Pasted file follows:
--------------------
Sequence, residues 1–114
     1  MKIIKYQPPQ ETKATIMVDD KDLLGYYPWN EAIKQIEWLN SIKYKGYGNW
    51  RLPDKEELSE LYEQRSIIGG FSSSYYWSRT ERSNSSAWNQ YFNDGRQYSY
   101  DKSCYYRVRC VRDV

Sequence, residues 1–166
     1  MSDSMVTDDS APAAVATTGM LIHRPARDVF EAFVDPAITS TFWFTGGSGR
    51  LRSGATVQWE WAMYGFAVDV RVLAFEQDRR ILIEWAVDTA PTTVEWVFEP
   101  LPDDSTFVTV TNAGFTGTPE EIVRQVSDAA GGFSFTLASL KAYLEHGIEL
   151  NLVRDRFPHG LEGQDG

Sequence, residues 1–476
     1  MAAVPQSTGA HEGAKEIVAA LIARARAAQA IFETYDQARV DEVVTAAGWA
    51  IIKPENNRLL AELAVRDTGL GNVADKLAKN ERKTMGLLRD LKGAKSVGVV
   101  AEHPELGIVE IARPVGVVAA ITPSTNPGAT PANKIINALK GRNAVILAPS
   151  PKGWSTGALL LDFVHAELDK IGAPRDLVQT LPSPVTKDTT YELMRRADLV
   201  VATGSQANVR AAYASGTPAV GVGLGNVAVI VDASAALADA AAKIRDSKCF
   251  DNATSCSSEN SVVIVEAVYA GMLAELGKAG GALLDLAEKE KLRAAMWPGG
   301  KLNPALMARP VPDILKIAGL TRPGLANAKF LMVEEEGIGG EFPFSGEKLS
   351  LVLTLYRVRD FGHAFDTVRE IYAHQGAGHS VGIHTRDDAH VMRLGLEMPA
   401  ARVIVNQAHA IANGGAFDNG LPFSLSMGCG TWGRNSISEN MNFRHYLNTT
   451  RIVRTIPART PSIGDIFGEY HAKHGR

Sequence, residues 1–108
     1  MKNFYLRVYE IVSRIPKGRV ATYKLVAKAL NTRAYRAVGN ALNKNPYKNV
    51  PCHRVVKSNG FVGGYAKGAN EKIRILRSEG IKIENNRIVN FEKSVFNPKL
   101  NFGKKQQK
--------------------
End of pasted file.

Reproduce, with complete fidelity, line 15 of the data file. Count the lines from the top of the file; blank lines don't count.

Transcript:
   201  VATGSQANVR AAYASGTPAV GVGLGNVAVI VDASAALADA AAKIRDSKCF